Stevens next writes from a seaside town in Weymouth, where he goes after he visits Miss Kenton. He is sitting on a pier watching all of the colored lights come on in the evening. He arrived at Weymouth the afternoon of the day before, and has stayed another day so that he might spend a little leisure time away from driving.

Miss Kenton actually surprises Stevens by coming to meet him at the hotel where he was staying in Little Compton. She has aged, but very gracefully, and he is extremely pleased to see her again. It strikes Stevens that Miss Kenton seems to have lost the spark that used to make her so lively; when her face is in repose, he thinks that its expression is sad.

Stevens and Miss Kenton fill each other in on their lives over the last twenty years. Although Stevens had thought that Miss Kenton's letter indicated that she had left her husband, she tells him she is in fact moving back in with her husband. Miss Kenton urges Stevens, on his return trip, to visit her daughter Catherine, who is expecting a child in the fall. Stevens tells Miss Kenton what Darlington Hall is like now with the reduced staff and Mr. Farraday as the employer. Stevens tells Miss Kenton the sad news that Reginald Cardinal was killed in World War II, in Belgium. Miss Kenton inquires about the unsuccessful libel action that Lord Darlington took against a newspaper that made claims that he was a Nazi sympathizer and a traitor to England. Stevens says that Lord Darlington lost the libel suit, and after his good name was ruined, he practically became an invalid.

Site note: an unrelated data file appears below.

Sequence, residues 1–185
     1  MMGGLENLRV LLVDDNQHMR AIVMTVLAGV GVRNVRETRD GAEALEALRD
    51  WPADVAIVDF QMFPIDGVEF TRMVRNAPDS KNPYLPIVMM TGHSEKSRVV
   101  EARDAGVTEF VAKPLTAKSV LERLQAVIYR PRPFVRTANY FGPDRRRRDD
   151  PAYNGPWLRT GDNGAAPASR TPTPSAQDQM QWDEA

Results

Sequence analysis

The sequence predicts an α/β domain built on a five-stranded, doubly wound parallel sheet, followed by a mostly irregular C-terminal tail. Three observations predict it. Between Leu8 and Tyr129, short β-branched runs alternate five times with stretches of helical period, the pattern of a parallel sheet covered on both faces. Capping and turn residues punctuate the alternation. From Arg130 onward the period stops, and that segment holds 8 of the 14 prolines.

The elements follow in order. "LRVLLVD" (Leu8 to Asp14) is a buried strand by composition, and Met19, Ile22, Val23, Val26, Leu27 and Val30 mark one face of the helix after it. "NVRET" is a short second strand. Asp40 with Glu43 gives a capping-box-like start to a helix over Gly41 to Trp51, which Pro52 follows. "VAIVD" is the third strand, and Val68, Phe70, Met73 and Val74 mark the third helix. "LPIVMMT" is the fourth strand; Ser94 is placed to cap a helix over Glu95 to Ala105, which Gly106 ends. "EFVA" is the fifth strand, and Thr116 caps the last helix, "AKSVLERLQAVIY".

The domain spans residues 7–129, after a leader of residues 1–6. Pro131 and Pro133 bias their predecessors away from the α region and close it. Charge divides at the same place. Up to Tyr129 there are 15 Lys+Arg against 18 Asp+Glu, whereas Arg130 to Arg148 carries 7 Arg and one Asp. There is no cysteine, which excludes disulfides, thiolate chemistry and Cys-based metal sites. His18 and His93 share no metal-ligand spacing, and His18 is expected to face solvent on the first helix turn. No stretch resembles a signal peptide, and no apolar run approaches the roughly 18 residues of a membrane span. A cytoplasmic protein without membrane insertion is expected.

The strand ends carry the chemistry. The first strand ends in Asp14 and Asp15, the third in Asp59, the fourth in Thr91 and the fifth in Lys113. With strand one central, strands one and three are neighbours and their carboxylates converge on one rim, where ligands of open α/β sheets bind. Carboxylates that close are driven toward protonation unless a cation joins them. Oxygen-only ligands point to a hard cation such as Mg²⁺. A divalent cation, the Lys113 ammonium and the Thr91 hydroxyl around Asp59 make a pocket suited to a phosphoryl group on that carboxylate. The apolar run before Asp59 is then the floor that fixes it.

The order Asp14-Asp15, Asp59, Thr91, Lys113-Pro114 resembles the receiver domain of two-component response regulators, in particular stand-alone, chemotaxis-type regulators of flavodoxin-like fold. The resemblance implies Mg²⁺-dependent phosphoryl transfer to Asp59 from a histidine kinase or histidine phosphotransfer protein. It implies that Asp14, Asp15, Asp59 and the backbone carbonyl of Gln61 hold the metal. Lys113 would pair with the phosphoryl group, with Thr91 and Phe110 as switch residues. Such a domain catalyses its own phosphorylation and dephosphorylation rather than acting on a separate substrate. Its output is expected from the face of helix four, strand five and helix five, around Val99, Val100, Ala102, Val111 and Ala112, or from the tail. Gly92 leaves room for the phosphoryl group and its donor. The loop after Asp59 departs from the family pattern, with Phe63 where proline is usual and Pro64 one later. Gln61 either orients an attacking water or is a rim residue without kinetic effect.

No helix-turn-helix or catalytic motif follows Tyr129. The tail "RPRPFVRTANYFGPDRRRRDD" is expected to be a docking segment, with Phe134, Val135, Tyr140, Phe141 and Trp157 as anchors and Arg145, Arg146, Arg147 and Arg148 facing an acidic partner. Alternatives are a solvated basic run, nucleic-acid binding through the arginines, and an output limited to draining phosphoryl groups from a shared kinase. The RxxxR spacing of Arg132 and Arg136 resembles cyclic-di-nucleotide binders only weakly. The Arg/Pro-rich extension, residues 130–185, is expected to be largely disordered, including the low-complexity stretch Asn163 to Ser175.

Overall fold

The meeting goes on for two hours before Miss Kenton says she must return home. Stevens drives her to a bus stop a little way outside the village. While they are waiting at the bus station, Stevens asks Miss Kenton a question that he says has been troubling him for some time: he asks if she is being mistreated in some way, as her letters often seem unhappy. Miss Kenton says that her husband does not mistreat her in any way at all. Stevens says he does not understand why, then, she is unhappy. She tells him that for a long time, she did not love her husband, but that after having a daughter and going through the war together, she has grown to love him. However, there are times when she thinks she has made a great mistake with her life. She even says, "For instance, I get to thinking about a life I may have had with you, Mr. Stevens." But then she says that it is of no use to dwell on what might have been.

For the first time in the novel, Stevens appears to realize how much he loves Miss Kenton. Upon hearing her words about the possibility of a life they might have had together, he says that his "heart is breaking." He does not speak for a moment, but when he does, he only says that Miss Kenton is right: one cannot dwell on the past. He says that she must do all she can to ensure many happy years ahead with her husband and her grandchildren. Then the bus comes, and Miss Kenton leaves. Stevens sees that her eyes have filled with tears.

A man comes up and sits next to Stevens on the bench on the pier, and begins talking to him. During the conversation, the man reveals that he was once a butler at a small house. Stevens says that he is the head butler at Darlington Hall, and the man is very impressed. Stevens tells the man about how Darlington Hall was in the old days. Then Stevens tells the man he gave what he had to give to Lord Darlington; even though he is trying hard to please his new employer, he feels that he is making more and more errors. The man next to him offers Stevens a handkerchief—our only clue that Stevens is crying.